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Like the question says, I am trying to pass multi-dimensional arrays into a function to print it to a file for an engineering project. The format for which the data is inputted CANNOT be changed, so please don't suggest I just input it as a different datatype.

This particular function anticipates a two-dimensional array (although I have others with three dimensions after this one), where nothing is known about the size of the array until run-time. I know I must use pointers to point to each row of the array separately, but I have NO idea what the syntax is for passing it to the function. In the following code, the array in question is 'block'. The main function is just a little testing example I made to try to make it work:

#include<fstream>
using namespace std;

void of_write_blocks(string filename, string block_type[], int **block,
            int grid[][3], string grade_type[], int grade[][3], int n_blocks, int m[])
{
    ofstream file_out(filename.c_str(),ios::app);
    file_out<<"\nblocks\n(\n";

    for(int i=0;i<n_blocks;++i) {
            file_out<<"   "<<block_type[i]<<" ( ";
                    for(int j=0;j<m[i];++j)
                            file_out<<block[i][j]<<" ";
            file_out<<") ( ";
            file_out<<grid[i][0]<<' '<<grid[i][1]<<' '<<grid[i][2]<<" ) ";
            file_out<<grade_type[i]<<" ( ";
            file_out<<grade[i][0]<<' '<<grade[i][1]<<' '<<grade[i][2]<<" )\n";
    }
    file_out<<");\n";
}


//testing example:
int main()
{       
    int block[6][9];
    for(int i=0; i<6;++i) 
            for(int j=0; i<9;++j)
                    block[i][j] = i*j;

    int grid[6][3];
    for(int i=0; i<6;++i)
            for(int j=0; i<3;++j)
                    block[i][j] = i*j;


    int grade[6][3];
    for(int i=0; i<6;++i) 
            for(int j=0; i<3;++j)
                    block[i][j] = i*j;

    string grade_type[6] = {"simpleGrading"};
    string block_type[6] = {"hex"};
    int m[6] = {8};
    int n_blocks = 6;

    of_write_blocks("name",block_type,block,grid,grade_type,grade,n_blocks,m);
}       

any help is appreciated!

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1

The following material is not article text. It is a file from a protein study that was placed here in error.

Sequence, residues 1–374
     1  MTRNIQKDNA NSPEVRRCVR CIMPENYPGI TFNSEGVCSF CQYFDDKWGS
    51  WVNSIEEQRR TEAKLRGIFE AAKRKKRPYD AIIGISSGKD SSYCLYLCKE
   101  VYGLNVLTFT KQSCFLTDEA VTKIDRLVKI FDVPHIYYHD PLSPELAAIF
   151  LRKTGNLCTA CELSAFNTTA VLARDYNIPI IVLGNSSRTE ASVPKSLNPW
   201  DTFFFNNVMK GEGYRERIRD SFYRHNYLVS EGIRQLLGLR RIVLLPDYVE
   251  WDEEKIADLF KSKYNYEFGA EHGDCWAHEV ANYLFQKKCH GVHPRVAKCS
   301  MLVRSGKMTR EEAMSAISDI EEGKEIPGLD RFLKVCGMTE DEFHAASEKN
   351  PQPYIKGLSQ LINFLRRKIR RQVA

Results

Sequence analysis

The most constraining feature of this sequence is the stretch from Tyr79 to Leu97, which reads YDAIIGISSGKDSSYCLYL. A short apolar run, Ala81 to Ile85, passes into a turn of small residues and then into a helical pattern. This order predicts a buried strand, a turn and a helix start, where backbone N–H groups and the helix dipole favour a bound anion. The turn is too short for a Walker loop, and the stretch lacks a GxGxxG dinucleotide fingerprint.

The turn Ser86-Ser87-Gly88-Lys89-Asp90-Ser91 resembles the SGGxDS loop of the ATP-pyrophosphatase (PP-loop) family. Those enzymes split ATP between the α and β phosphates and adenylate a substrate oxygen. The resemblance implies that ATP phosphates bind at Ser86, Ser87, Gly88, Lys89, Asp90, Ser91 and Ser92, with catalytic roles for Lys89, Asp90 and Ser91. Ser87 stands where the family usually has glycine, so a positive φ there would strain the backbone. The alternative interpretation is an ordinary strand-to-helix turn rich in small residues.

In the past 25 years, I have never, not even once, had to use a multi-dimensional array. Am I missing out on something? –  nbt May 25 '11 at 19:04
    
@Neil Butterworth try solving the maximum summ contiguous subsequence problem in three dimensions. I implemented mine in C++ with std::vectors and it required 4 dimensional arrays. –  Arlen May 25 '11 at 19:20
    
@user1344784 Fair enough - sounds like the kind of problem I and my various employers have had zero interest in solving. But if I were going to solve such problems, I think I'd use a language where MDAs are first-class objects, like say FORTRAN, which would almost certainly be more performant than C++ in this problem domain. –  nbt May 25 '11 at 19:25
    
@Neil Butterworth, I really wish there was another method. I'm using this program for computational fluid dynamics, and that's how they need it inputted. C++ can be a nuisance for doing engineering-related computations, especially considering I learned Matlab before ever learning C++! –  Mike N. May 25 '11 at 20:32
    
@Mike Fluid dynamics is a classic area where FORTRAN excels, with many function libraries available. Using C++ would seem to be pure masochism. –  nbt May 25 '11 at 20:34

4 Answers 4

up vote 5 down vote accepted

You can't. Multidimensional arrays are syntactic sugar, and are compiled directly into the code that does manipulations on the array, which is a single memory block. The dimensions are not passed into the function as parameters or anything like that as part of the array, as things are done in e.g. Java or C#.

If you need the dimensions of the array in your function, you'll need to just accept a pointer to the first element of the array, and the dimensions, and do the multiplies and adds to get the right index yourself.